Saturday, May 21, 2011

Bookmarks and a stroll around town

This is what is on my table this morning:

One bookmark design finished and the next at the assemblage-and-chopping-and-changing stage. And the book I borrowed last week, Haworth Harvest by N Brysson Morrison which is an enjoyable and untaxing read, devoid of the dreaded footnote disease and full of interesting little nuggets. I just wish it didn't smell of old (this is one of my daughters' most withering descriptions). Or should that be wuthering?

I called in at our local modern art museum the day before yesterday and was pleasantly surprised to find the collection had been changed since last time when I must say the preponderence of crusty, dusty fifties and sixties abstracts in various shades of mud and deterioration had detained me less than 10 minutes.

This time around I was bowled over by two tiny Eileen Agar pastels, one of which is below:

Not a very good reproduction I'm afraid as I was taking the photo undercover. In real life the colours sang out and here they look more like they are doing more of a bit of a muffled hum. Agar spent the winter in Puerto de la Cruz for several years in the 1950s. As did another British painter I admire, Dot Procter. 
And here is another picture I was taken with, by Canary Island artist Lola Massieu:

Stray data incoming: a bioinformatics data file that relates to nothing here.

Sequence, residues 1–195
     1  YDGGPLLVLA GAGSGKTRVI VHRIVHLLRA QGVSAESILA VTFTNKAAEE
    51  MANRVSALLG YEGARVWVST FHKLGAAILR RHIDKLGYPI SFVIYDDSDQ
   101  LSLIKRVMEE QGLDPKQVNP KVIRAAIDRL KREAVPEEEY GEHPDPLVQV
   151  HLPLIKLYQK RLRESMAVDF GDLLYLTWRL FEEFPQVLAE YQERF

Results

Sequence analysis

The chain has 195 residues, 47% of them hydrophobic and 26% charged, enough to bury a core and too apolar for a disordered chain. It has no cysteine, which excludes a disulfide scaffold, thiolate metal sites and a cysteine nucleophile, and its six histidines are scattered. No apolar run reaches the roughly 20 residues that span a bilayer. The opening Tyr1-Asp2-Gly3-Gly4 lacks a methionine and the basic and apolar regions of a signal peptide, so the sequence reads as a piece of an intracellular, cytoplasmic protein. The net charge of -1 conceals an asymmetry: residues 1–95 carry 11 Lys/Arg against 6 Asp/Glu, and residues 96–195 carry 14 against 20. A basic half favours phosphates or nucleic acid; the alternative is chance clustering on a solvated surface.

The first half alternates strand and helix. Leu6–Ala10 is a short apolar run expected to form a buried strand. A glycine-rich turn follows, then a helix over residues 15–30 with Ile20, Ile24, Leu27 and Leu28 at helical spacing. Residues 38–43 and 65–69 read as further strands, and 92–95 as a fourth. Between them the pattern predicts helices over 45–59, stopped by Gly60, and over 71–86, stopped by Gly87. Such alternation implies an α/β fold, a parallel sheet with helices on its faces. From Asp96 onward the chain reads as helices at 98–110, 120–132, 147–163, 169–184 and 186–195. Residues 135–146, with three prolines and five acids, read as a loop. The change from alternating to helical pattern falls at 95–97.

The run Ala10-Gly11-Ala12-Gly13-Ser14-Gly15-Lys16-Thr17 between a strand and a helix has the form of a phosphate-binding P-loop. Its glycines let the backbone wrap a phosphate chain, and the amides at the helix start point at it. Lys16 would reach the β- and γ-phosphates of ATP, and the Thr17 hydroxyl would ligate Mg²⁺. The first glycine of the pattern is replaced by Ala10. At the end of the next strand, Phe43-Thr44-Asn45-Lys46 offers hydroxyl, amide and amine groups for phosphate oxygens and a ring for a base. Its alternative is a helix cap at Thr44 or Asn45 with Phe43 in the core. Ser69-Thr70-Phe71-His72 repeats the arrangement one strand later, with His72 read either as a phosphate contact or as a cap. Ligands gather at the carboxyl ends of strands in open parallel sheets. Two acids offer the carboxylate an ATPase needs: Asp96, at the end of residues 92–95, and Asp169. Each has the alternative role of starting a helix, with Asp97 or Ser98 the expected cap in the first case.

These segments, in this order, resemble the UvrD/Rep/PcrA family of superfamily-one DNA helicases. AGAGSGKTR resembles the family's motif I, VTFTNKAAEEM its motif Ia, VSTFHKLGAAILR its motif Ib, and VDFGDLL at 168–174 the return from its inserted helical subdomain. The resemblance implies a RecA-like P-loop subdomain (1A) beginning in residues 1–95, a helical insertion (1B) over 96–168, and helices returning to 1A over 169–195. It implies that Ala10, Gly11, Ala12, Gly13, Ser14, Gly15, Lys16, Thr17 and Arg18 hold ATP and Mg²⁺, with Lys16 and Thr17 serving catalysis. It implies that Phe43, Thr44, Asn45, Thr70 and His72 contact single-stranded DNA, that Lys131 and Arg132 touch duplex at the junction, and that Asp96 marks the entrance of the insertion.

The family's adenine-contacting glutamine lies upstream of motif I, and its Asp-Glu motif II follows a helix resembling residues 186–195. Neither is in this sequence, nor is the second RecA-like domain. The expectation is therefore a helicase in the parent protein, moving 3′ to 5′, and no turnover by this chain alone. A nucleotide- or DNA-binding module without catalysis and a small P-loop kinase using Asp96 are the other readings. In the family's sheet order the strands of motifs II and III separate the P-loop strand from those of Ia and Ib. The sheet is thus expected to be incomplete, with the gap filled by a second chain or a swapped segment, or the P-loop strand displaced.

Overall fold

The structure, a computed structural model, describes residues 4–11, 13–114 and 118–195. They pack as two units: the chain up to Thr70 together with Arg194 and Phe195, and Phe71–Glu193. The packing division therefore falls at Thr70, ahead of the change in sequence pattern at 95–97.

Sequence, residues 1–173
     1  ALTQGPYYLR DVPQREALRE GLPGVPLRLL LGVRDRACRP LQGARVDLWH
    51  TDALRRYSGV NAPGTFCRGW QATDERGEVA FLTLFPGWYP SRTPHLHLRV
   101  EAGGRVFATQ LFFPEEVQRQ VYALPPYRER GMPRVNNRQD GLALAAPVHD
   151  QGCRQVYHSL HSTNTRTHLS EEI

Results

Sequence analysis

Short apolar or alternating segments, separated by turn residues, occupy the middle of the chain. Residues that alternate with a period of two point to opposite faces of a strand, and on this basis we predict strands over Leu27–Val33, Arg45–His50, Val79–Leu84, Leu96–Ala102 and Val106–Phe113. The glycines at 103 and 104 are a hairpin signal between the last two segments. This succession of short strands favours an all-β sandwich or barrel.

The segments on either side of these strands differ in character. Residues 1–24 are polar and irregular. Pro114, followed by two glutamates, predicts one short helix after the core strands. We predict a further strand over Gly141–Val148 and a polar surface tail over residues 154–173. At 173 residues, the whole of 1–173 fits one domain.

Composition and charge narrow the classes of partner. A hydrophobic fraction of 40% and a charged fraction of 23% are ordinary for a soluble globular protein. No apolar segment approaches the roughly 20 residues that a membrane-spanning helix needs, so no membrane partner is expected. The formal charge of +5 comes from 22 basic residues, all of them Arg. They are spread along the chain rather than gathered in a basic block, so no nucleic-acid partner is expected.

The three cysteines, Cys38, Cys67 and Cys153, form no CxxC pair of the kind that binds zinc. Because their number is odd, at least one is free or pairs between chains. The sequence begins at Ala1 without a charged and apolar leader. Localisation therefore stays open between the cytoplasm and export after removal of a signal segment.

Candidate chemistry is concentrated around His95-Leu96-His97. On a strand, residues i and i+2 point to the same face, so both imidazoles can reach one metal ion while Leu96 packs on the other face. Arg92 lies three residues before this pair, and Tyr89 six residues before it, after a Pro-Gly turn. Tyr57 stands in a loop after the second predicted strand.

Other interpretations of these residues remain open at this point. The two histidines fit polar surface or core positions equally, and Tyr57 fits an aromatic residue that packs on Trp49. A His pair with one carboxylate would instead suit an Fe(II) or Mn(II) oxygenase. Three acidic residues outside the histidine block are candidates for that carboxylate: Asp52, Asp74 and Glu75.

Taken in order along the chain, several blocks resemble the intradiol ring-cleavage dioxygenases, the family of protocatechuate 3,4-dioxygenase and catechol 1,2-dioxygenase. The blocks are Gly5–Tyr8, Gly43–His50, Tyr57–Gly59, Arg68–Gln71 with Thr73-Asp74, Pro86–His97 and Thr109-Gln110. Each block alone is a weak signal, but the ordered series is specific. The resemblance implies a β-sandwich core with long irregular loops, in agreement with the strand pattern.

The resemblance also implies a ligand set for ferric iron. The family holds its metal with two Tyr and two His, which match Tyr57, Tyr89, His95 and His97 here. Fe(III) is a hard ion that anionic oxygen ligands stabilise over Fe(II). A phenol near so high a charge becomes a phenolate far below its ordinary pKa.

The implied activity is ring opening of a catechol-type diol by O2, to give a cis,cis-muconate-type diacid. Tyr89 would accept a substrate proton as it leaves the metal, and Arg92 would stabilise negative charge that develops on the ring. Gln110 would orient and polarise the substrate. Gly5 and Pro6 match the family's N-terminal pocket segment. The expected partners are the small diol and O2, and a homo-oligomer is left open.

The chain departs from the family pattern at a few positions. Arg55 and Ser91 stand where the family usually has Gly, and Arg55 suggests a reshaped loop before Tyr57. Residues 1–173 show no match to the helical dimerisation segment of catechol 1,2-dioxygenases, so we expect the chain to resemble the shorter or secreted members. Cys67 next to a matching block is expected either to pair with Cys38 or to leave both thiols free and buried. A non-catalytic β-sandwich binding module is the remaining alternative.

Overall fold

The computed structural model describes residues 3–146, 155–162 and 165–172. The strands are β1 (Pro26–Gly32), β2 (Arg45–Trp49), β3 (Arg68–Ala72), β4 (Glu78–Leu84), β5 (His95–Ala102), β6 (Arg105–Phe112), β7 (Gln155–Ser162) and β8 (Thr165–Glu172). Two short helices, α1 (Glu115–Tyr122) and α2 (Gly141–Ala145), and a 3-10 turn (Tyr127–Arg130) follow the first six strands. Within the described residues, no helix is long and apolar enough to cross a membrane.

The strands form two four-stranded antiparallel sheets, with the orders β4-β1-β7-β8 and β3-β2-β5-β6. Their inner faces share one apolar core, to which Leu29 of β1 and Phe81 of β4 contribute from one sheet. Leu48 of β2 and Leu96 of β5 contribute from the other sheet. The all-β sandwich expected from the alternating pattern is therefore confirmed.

The collection is housed in a beautiful 17th century mansion overlooking the fishing port, and was once the local customs house. It deserves to be better known and better visited. Unfortunately it suffers from another disease I am averse to (see above), namely acronym disease. The letters MACEW will mean absolutely nothing to 99% of people but that is the big sign under which the building labours (standing for Museo de Arte Contemporaneo Eduardo Westendahl). So potential visitors who don't go a bundle on figuring out word games simply pass it by. There was just one other person strolling around when I went in. 
The woman on the desk, who was very knowledgeable about the paintings and artists, seemed touchingly pleased to see us.

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